Busy but want a dog? Pet-sharing could be for you
Have you ever thought about how you'd love a dog, but then work and travel get in the way?
Well, listen to this: People are now sharing the responsibility of pooch ownership, and if it’s done right, it can be a win-win for everyone involved.
The moment Janet Eggen started fostering Buddy, she fell in love. She wanted to adopt him but required some help.
“It was a challenge for me to give him what he needed. He needed a lot of exercise," Eggen said.
So, Eggen started “dog sharing” Buddy. The Maltese poodle mix’s time is split between Eggen’s house and three other families', including Jane Hook’s.
“After the first visit alone, he was 100 percent confident and happy and felt comfortable with us," Hook said.
Each family buys food and supplies for Buddy, but Eggen is his main owner and pays for his vet care.
“Having people who love your dog like you do -- it's wonderful,” Eggen said.
Part-time pets, like pooches Woody, Oscar and Queen Emma, who are owned by Mercedes Nanson, are popping up all over the country. They spend the day at her mother-in-law's house while Mercedes goes to work.
There are apps out there to help connect people, like and
Eggen posted on private neighborhood websites to find Buddy’s helpers and checked them all out.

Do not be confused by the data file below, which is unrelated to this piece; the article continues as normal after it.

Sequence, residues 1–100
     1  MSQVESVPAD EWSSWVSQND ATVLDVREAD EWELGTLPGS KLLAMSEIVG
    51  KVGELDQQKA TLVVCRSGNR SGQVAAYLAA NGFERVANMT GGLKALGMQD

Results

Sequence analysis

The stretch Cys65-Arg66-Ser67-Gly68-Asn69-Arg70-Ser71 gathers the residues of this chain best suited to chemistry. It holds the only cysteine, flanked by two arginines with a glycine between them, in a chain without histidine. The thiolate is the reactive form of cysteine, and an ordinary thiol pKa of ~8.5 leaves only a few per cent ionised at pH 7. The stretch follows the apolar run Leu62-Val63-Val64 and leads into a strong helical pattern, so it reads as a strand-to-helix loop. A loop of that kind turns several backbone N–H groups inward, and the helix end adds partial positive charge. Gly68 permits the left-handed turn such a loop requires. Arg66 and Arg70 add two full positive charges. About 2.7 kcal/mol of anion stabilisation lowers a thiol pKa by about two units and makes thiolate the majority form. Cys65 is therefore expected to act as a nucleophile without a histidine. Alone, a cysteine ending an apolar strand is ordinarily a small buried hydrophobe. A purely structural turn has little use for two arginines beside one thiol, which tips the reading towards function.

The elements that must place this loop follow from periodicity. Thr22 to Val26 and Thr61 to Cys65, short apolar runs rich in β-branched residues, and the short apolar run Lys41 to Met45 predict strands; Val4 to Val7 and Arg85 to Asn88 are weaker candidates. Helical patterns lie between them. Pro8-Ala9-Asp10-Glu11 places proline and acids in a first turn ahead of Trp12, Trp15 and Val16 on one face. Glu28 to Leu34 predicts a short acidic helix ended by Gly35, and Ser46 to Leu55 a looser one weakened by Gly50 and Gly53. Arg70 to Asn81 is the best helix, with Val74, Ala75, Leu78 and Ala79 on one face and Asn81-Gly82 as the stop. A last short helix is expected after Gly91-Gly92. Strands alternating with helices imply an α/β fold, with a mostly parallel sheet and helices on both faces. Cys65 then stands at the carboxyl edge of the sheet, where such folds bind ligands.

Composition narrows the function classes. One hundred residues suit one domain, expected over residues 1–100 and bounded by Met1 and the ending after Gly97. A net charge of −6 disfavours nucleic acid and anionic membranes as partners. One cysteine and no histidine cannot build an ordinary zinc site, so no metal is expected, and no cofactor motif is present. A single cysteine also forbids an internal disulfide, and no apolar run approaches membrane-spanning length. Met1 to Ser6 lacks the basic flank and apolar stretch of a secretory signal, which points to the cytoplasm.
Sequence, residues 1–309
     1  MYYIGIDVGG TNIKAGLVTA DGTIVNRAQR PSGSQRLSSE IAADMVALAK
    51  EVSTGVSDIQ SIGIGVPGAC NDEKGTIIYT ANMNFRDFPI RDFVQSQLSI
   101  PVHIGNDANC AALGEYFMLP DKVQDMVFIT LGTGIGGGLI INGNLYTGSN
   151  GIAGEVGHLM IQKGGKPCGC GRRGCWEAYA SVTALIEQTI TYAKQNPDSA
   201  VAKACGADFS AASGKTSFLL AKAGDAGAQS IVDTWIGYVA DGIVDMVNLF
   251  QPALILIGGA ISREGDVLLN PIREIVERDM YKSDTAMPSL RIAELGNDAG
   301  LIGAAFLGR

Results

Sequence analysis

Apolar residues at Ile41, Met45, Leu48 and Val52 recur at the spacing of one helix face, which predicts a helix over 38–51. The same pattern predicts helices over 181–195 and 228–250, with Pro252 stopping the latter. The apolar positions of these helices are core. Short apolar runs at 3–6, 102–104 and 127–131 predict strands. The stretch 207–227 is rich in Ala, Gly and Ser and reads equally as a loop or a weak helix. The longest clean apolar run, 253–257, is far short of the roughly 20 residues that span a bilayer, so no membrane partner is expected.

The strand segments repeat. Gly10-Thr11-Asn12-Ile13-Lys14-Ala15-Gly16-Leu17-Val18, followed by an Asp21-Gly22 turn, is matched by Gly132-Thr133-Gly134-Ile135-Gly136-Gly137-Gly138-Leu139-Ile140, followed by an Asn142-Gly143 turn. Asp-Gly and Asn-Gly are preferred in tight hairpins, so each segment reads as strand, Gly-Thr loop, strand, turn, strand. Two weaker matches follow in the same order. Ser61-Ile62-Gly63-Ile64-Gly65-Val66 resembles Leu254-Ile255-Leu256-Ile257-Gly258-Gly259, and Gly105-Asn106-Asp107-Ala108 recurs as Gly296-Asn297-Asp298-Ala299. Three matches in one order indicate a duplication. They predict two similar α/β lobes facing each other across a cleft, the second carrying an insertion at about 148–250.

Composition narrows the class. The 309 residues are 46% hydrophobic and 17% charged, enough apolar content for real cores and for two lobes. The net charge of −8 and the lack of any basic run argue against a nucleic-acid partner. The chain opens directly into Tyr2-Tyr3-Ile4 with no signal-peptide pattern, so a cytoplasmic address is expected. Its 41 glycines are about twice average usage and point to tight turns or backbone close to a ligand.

“I was concerned about, you know, safety issues," she said.
Veterinarian Lori Teller, who is on the board of directors for the , says pet sharing can increase a dog’s socialization but recommends the following:
- A primary owner maintains financial responsibility and decision making for the dog.
- Get personal and vet references.
- Do a home visit and play date—to make sure it’s a good fit.
Dog law expert and attorney Jeremy Cohen, from recommends a contract to clarify things like:
- Who is responsible if the dog bites someone?
- What training methods will be used?
- If the owner passes away, who has rights to the dog?
Eggen and the rest of Buddy’s extended family say they hope their arrangement inspires others to adopt.
"There are so many animals in shelters that need a home. And if families can partner to share the responsibility, I think that would be wonderful," she said.
Dr. Teller said not to adopt a dog unless you can meet all their needs without pet sharing.
And remember, dogs can live for one to two decades, so you’ll want to make sure you have a long-term plan in place for your pooch.
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